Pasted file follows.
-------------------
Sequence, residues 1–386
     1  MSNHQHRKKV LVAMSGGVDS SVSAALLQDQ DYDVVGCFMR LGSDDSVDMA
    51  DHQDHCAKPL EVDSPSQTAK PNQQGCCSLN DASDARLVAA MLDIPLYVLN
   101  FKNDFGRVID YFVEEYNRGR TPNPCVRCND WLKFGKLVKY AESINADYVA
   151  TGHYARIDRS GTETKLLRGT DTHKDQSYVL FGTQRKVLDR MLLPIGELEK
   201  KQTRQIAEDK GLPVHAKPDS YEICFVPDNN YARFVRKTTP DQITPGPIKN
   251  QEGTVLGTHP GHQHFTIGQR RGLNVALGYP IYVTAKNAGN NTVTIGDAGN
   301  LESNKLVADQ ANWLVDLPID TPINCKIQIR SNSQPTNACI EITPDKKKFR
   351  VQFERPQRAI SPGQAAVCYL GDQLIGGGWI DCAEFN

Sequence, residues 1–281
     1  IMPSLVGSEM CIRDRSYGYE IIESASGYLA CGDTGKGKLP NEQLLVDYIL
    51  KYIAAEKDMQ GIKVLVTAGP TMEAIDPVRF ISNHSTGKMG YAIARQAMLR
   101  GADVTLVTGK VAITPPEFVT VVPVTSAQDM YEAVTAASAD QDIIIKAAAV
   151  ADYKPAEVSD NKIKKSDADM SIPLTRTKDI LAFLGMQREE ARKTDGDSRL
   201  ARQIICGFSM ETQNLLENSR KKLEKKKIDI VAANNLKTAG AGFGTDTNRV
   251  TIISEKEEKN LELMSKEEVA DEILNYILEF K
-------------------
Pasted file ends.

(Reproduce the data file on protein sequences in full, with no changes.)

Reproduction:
Sequence, residues 1–386
     1  MSNHQHRKKV LVAMSGGVDS SVSAALLQDQ DYDVVGCFMR LGSDDSVDMA
    51  DHQDHCAKPL EVDSPSQTAK PNQQGCCSLN DASDARLVAA MLDIPLYVLN
   101  FKNDFGRVID YFVEEYNRGR TPNPCVRCND WLKFGKLVKY AESINADYVA
   151  TGHYARIDRS GTETKLLRGT DTHKDQSYVL FGTQRKVLDR MLLPIGELEK
   201  KQTRQIAEDK GLPVHAKPDS YEICFVPDNN YARFVRKTTP DQITPGPIKN
   251  QEGTVLGTHP GHQHFTIGQR RGLNVALGYP IYVTAKNAGN NTVTIGDAGN
   301  LESNKLVADQ ANWLVDLPID TPINCKIQIR SNSQPTNACI EITPDKKKFR
   351  VQFERPQRAI SPGQAAVCYL GDQLIGGGWI DCAEFN

Sequence, residues 1–281
     1  IMPSLVGSEM CIRDRSYGYE IIESASGYLA CGDTGKGKLP NEQLLVDYIL
    51  KYIAAEKDMQ GIKVLVTAGP TMEAIDPVRF ISNHSTGKMG YAIARQAMLR
   101  GADVTLVTGK VAITPPEFVT VVPVTSAQDM YEAVTAASAD QDIIIKAAAV
   151  ADYKPAEVSD NKIKKSDADM SIPLTRTKDI LAFLGMQREE ARKTDGDSRL
   201  ARQIICGFSM ETQNLLENSR KKLEKKKIDI VAANNLKTAG AGFGTDTNRV
   251  TIISEKEEKN LELMSKEEVA DEILNYILEF K